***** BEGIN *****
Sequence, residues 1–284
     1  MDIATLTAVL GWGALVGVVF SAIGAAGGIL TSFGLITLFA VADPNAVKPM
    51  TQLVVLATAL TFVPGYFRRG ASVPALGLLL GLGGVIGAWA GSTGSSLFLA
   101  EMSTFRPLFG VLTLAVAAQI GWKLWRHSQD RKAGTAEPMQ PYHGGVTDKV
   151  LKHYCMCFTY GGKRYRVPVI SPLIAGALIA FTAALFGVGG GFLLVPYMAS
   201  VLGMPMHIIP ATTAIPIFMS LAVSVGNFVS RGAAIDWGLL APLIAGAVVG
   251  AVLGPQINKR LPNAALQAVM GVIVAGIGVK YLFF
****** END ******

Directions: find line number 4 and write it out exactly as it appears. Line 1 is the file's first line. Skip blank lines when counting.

   101  EMSTFRPLFG VLTLAVAAQI GWKLWRHSQD RKAGTAEPMQ PYHGGVTDKV